It was also noted that the system supports planning for the pupils. The instant flow of updated information on the system allows the teachers to quickly access the individual pupils attainments, and analyse what areas they need further support in. A year one teacher said in the questionnaire:
‘Target tracker allows you to look at the year group data and compare it to previous cohorts’
To add to the importance of data management systems in the school, the SENco states:
‘It is used to evaluate teachers performance management’
The questionnaires revealed that the data management system is not only useful for recording pupils’ achievements, but is also accessible for members of the leadership team to evaluate the performance of the teachers. The findings show that, target tracker is used by all four members of staff who returned the questionnaire, whom all find it easy to navigate through the system.
Data management systems for pupil progress
Regarding the second research question, it is clear that target tracker supported the pupils’ progress. The results indicate that the staff use target tracker to monitor the progress of a variety of interventions, subjects and their own class progress (see figure: 8). Based on this, one member of staff said that using target tracker supports planning of individual pupils. The teachers using the system can also access detailed information on specific groups by filtering throughout all the year groups. One participant believed that target tracker makes a great impact on teaching and learning and three participants believed it made a difference to some extent (see figure: 3). In addition, two participants believed that target tracker is effective for pupil progress to a great extent, and two participants believed to some extent. This shows that the staff use target tracker not only to assess the pupils, but it also appears to be making a difference to the teaching and learning process.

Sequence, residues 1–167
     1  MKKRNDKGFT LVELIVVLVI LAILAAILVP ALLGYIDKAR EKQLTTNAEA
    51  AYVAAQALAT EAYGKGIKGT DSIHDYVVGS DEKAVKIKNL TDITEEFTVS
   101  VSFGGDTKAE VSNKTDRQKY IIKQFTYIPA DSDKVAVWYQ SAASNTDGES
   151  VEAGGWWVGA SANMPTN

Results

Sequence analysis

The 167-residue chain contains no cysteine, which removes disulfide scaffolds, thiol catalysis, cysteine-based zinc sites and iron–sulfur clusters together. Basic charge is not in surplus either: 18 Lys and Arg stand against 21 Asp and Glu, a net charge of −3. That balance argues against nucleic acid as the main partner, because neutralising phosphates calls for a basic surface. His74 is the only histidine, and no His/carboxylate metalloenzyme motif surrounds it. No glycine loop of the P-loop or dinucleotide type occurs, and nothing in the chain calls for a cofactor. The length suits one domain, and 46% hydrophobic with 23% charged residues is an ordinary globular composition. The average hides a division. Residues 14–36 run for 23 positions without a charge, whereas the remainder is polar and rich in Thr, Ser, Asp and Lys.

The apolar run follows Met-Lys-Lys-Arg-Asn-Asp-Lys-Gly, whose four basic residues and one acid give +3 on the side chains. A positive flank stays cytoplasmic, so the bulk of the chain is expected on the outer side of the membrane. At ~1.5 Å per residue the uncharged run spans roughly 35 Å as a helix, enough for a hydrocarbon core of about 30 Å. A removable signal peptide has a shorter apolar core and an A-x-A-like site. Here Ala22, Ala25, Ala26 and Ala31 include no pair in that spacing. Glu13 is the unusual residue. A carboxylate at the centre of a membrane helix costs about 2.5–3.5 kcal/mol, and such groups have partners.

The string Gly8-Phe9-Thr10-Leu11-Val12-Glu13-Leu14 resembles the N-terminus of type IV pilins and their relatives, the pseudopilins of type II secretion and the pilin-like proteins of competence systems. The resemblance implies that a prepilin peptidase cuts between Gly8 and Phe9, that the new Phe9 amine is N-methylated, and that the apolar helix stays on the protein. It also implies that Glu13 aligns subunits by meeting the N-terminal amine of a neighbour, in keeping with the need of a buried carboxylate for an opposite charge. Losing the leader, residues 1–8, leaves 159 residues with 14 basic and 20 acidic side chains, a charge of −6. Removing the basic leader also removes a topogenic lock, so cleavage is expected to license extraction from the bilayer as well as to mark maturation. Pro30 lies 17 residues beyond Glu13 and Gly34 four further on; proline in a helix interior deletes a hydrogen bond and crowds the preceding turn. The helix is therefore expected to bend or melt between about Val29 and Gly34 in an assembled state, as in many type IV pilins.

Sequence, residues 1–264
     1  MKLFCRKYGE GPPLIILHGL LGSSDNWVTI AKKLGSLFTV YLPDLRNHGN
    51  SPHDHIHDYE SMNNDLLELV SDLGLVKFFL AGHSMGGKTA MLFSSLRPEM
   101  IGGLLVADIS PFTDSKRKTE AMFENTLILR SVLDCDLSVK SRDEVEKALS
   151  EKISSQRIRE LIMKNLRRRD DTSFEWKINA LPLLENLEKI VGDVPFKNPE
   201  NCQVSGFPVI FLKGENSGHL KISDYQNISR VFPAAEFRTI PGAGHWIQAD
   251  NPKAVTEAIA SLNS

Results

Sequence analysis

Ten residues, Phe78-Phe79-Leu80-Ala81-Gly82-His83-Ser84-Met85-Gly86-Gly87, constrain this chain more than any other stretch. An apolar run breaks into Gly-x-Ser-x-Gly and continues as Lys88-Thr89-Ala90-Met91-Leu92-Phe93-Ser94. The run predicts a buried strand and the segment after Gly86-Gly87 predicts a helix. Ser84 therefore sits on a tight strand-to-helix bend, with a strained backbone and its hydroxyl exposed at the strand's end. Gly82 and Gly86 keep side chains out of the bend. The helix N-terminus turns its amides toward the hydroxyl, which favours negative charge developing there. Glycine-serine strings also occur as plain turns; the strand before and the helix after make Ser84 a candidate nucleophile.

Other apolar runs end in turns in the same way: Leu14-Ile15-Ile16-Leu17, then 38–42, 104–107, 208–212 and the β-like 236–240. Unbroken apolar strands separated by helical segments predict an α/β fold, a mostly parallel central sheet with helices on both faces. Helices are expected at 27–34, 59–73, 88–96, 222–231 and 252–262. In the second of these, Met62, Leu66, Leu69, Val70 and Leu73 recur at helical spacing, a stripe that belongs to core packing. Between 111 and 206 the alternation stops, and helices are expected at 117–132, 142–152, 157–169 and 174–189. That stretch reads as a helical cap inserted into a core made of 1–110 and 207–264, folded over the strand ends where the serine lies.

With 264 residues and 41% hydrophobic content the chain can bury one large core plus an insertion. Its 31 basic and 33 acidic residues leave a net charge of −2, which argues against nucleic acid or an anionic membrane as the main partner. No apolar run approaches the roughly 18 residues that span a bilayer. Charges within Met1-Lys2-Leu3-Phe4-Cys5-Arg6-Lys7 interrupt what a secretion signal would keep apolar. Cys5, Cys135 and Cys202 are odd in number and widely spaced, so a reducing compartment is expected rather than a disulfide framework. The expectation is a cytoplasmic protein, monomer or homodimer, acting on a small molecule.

Most of the teachers, as well as taking on the role of teaching are subject leaders. Target tracker has significantly reduced the time of presenting the data as this can be quickly done using graphs and charts on the system. It briefly shows the pupils learning needs and allows the staff to highlight any gaps in the pupils learning. The ICT co-ordinator/ teacher stated: